Figure taken from Dattilo et al 20197 demonstrating the difference between a global and local view
I trained the CNN on 27,634 signals that were labeled one of three categories:

  • “E” for eclipsing binary
  • “J” for junk/instrumental artifact
  • “C” for planet candidate

The drop off in signals for the final training set was due to some “failing” in the preprocessing stage, described above. We trained the CNN on 80% of the signals, leaving 10% for validation and 10% for our final test set. We trained using the Adam optimizer8 and ran for 4000 iterations.
Architecture of the final CNN

Conclusion

Once trained, we have a test set that we can learn metrics for how well the model has learned what a planet is based on the predictions for each signal. This model can be used on a new set of data to find new planets. My model was successful after training, achieving a 98% accuracy over the test set. So successful that I was able to use it to identify and verify two new exoplanets!

In the introduction, I asked why we want to find exoplanets, and there are many reasons. We only discovered planets outside of our Solar System about 30 years ago, so the field is very young. We need to increase our sample size of planets to learn how planets form, how common they are, and how details planet populations differ. To find planets like our Earth, we need to increase the sensitivity of our discovery methods and using a technique like this one can help.

If you want to learn more, a complete write up of my methods can be found here, and my code can be found here. Please note, this code was written using an older version of TensorFlow, and if you’re learning this today, you should begin with version 2.0. You can find the tutorials here. If you would like to start testing your own neural network on planet data, a full run-through can be found here, by Chris Shallue. This model code was written in an earlier version of TensorFlow, but version 2.0 was released recently and is easier than before. To get started with all types of deep learning, check out TensorFlow tutorials, just like I did!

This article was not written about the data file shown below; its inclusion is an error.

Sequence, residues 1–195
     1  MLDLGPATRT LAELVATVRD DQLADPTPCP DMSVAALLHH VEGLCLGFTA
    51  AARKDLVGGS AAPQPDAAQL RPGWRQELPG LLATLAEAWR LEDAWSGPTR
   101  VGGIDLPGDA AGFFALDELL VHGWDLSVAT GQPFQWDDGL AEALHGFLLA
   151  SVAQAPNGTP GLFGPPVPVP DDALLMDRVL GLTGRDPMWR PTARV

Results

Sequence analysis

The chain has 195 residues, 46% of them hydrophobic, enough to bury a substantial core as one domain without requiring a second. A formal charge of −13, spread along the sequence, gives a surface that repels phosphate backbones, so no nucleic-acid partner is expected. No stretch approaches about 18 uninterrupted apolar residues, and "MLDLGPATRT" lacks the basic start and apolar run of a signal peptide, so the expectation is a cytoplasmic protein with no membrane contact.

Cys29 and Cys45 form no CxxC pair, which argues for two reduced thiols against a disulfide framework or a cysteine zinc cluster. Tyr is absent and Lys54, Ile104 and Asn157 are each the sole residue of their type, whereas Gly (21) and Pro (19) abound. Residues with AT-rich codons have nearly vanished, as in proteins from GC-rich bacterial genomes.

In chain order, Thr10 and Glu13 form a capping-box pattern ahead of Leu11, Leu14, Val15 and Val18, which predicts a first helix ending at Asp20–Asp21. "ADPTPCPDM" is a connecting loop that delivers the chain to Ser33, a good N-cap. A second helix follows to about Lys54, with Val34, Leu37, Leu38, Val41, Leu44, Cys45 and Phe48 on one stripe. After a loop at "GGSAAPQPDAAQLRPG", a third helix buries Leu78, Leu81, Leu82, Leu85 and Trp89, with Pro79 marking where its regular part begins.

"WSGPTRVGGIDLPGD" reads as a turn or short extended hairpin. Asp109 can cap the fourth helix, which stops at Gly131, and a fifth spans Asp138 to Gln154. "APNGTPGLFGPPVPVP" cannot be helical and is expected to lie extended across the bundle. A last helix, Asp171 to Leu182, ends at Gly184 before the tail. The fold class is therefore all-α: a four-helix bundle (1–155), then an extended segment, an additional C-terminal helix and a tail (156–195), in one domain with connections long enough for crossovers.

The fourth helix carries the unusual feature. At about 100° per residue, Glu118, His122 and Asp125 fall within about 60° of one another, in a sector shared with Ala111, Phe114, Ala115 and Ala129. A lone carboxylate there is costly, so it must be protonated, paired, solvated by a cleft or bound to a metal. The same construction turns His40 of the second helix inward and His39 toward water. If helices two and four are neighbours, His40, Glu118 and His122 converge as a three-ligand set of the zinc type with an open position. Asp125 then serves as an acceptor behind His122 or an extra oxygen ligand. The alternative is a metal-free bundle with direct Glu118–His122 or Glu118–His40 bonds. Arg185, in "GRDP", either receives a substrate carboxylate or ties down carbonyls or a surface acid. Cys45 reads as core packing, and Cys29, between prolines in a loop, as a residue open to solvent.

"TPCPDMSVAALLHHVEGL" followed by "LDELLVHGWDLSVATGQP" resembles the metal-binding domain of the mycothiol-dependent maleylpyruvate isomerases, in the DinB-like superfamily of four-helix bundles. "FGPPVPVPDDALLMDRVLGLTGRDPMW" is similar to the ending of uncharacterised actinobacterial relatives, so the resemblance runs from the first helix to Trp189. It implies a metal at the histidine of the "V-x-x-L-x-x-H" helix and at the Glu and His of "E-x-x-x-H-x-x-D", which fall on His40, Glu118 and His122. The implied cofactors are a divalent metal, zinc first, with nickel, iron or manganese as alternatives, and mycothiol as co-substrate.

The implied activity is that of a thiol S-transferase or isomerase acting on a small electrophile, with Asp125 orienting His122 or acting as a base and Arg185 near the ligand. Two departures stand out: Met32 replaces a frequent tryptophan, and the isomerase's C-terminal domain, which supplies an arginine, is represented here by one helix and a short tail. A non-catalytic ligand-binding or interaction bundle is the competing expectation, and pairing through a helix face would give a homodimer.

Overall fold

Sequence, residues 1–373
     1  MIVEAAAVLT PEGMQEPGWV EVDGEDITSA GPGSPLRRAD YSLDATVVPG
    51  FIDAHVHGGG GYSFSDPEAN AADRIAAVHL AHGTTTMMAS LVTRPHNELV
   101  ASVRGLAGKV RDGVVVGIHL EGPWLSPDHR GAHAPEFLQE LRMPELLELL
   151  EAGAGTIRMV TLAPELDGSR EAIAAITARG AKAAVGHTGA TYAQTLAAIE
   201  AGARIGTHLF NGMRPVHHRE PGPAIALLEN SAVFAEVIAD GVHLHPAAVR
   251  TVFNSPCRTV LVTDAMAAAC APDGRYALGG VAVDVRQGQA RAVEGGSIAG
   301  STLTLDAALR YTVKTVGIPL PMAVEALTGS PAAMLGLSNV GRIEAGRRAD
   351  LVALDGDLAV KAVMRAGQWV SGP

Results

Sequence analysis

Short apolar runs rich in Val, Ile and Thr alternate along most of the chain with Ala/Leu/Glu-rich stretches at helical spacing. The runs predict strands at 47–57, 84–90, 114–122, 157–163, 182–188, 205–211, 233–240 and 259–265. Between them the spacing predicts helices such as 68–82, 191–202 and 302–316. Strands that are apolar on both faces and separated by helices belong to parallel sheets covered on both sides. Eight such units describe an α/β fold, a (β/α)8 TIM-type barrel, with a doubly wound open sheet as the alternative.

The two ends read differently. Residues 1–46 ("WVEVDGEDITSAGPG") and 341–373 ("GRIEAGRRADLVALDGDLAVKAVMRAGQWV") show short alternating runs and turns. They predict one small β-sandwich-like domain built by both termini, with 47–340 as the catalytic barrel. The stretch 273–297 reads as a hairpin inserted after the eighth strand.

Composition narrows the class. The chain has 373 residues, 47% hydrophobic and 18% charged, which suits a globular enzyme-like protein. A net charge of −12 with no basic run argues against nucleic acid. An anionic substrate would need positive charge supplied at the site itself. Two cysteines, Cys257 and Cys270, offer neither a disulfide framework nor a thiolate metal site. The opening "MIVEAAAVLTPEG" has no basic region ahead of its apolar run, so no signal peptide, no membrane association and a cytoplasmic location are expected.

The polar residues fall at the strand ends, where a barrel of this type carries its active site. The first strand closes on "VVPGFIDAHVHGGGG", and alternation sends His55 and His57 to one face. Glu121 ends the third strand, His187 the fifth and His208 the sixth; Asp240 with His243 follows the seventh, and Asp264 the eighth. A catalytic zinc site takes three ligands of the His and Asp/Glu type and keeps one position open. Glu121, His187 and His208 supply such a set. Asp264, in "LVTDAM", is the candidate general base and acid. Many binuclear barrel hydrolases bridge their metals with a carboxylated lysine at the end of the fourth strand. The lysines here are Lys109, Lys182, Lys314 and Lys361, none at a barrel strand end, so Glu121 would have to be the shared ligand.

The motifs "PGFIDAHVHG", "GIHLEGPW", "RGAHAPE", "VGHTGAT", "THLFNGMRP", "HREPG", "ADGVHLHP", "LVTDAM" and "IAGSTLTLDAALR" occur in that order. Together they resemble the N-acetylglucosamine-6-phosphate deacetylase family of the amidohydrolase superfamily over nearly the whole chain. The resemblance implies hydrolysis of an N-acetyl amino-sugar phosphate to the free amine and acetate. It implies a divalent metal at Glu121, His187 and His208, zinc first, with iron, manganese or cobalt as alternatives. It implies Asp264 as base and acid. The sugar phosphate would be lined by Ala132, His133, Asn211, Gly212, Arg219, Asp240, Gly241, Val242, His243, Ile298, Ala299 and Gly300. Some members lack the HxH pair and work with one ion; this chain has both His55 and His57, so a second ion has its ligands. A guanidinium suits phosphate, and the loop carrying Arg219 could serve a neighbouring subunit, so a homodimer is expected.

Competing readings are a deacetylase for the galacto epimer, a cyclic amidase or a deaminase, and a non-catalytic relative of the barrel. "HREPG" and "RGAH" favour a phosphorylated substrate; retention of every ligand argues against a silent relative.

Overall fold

Anne Dattilo is currently a PhD student in Astronomy and Astrophysics at the University of California Santa Cruz studying exoplanet demographics. This work was done as an undergrad at The University of Texas at Austin with Dr. Andrew Vanderburg and Chris Shallue and the financial support of the John W. Cox Foundation.

Notes


  1. "NASA Exoplanet Archive." https://exoplanetarchive.ipac.caltech.edu/. Accessed 9 Sep. 2019. 
  2. "WASP Planets | Transiting exoplanets from the Wide Angle ...." https://wasp-planets.net/.  
  3. "Kepler and K2 Missions | NASA." 30 Oct. 2018, https://www.nasa.gov/mission_pages/kepler/main/index.html.  
  4. "Home - TESS - Transiting Exoplanet Survey Satellite." https://tess.mit.edu/
  5. "Identifying Exoplanets with Deep Learning: A Five Planet ...." 13 Dec. 2017, https://arxiv.org/abs/1712.05044. Accessed 2 Oct. 2019.> 
  6. "PLANETARY CANDIDATES FROM THE FIRST YEAR OF THE ...." http://iopscience.iop.org/article/10.3847/0067-0049/222/1/14/meta. Accessed 1 Nov. 2019. 
  7. "Identifying Exoplanets with Deep Learning II: Two New Super ...." 25 Mar. 2019, http://arxiv.org/abs/1903.10507
  8. "Adam: A Method for Stochastic Optimization." https://arxiv.org/abs/1412.6980
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Identifying Exoplanets with Neural Networks
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A guest post by Anne Dattilo, a PhD student in Astronomy and Astrophysics at the University of California Santa Cruz.
IntroductionWhat is an exoplanet? How do we find them? Most importantly, why do we want to find them? Exoplanets are planets outside of our Solar System - they orbit any star other than our Sun. We can find these exoplanets via a few methods: radial velocity, transits, direct imagi…